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Greater Charlotte embraces urban mission

By Brooke Turbyfill

Southern Spirit staff

David Bosch, in his 1993 essay titled "Toward the 21st Century in Christian Mission," said this about the mission of the church: "The mission of the church, as the mission of Jesus, involves being sent into the world - to love, to serve, to preach, to teach, to heal, to save, to free."

That mission is eminent in both the 614 and the War College in Charlotte, N.C. Nothing else is more important to the leaders - Rob and Heather Dolby - than relational ministry and lifestyle evangelism. While the War College and 614 are two separate entities, they coordinate well together because of the values placed on incarnational ministry and relationship-building.

The 614 in Charlotte is not a building, nor is it a corps - it's a faith community, a collective group of Salvationists who live in a predominantly poor, Hispanic, African-American neighborhood. There they meet for fellowship, Bible study, prayer and to share the gospel with others. The Dolbys - soldiers who graduated from the War College in Vancouver, B.C., Canada - have been commissioned as local officer sergeants.

The Dolbys' passion for incarnational ministry equipped them to move into a neighborhood where they stood out due to their white skin color. They've been pleased with how accepting the community has been.

Heather Dolby said that their presence in the neighborhood is bringing change for people like Nicole. After the Dolbys moved to Charlotte's J.T. Williams Housing Development, Nicole - a homeless prostitute - visited them.

They prayed for her, but she quickly left before they could help her further. It was several months later when they ran into her again. A woman they didn't recognize waved to them. She came up and said, "Remember me, I'm Nicole." She continued to tell them that their care for her had opened her eyes to the love of God. "You guys remembering my name and being nice to me meant so much to me. I knew God loved me if He sent two white people here." Since her initial meeting with the Dolbys, Nicole had entered the Center of Hope, Charlotte's homeless shelter for single women and women with children, and was in a recovery program.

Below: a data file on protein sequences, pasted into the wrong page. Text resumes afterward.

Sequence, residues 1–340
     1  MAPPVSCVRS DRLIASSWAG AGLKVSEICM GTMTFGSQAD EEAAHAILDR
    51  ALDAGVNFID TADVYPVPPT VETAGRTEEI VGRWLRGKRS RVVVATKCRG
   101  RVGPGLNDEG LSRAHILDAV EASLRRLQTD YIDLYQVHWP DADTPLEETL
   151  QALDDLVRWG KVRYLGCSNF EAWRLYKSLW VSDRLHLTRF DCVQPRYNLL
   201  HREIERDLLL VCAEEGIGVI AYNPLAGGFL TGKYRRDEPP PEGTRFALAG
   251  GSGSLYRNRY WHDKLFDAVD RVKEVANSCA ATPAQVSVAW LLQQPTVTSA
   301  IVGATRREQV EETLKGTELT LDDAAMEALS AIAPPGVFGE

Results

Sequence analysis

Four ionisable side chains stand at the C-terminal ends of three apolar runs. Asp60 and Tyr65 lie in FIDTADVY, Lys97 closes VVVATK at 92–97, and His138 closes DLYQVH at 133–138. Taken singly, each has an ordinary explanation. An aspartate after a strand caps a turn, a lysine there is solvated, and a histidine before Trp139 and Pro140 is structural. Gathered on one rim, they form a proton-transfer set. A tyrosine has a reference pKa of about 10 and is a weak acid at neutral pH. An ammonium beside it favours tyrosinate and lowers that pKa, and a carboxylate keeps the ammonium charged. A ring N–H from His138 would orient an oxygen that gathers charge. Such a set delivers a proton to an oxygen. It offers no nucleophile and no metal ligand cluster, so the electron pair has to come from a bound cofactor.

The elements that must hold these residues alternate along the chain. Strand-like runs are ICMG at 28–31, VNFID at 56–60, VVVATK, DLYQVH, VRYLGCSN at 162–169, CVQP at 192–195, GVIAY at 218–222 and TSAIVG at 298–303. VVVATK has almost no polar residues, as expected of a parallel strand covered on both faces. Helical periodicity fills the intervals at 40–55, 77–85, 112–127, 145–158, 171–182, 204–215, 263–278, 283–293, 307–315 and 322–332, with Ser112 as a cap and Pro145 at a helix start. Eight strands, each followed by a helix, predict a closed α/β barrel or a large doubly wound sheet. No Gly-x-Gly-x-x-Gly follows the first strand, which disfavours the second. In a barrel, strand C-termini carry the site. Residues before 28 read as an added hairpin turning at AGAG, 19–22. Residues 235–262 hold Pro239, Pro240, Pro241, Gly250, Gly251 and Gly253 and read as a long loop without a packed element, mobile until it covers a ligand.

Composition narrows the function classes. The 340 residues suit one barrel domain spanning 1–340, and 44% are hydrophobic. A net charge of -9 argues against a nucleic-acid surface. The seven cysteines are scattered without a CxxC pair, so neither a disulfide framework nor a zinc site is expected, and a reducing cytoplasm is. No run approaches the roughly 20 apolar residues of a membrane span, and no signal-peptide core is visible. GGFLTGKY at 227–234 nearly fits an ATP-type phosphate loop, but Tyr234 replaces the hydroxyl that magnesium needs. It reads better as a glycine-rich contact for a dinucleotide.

The War College (Charlotte campus) is a training ground for Christians who want to make a difference in the lives of people such as Nicole. With its first session underway, the WC is a welcome new neighbor to the Southern Territory.

War College Facts: Charlotte Campus


The purpose: The War College is a ministry born out of the 614 to train and equip warriors to win the world for Jesus.


The leaders: Rob and Heather Dolby


The duration: one year


The place: The J.T. Williams Housing Development in Charlotte, N.C.


The topics: salvation, prophetic ministry, evangelism, Bible study, preaching, critical thinking and theology


The net: Cell groups of 6 to 8 people become the open door for neighbors to join the 614, and WC students help facilitate the groups.


The result: Students at the WC don't just learn in a classroom; they live out the classroom every day.


The inspiration: "William Booth said, ‘Go for souls and go for the worst,'" said Heather. "Isaiah 61 commissions us to bind up the broken-hearted...These are the broken-hearted."


The application: Go to and click on the Charlotte campus.

The one-year program is divided into two increments. During the first nine months, students live with the Dolbys and learn about hearing God, critical thinking and sharing their faith. "We never teach anything in the War College that you can't use," said Heather. Throughout their time in Charlotte, students will actively participate in ministry.

One such ministry is reaching out to the neighborhood children whose parental supervision is limited. Besides a backyard Bible club (with activities such as computer classes and Bible lessons), students can invite youth to the local corps. There's also a three-month internship for students to apply what they've learned. Through a sacrificial lifestyle and dedication to serving others, WC students learn that "just being there" is how relational ministry impacts lives.

Major Todd Smith, area commander of Greater Charlotte, said, "I've been greatly encouraged by the level of commitment of these young people and their willingness to live that lifestyle to meet people in need."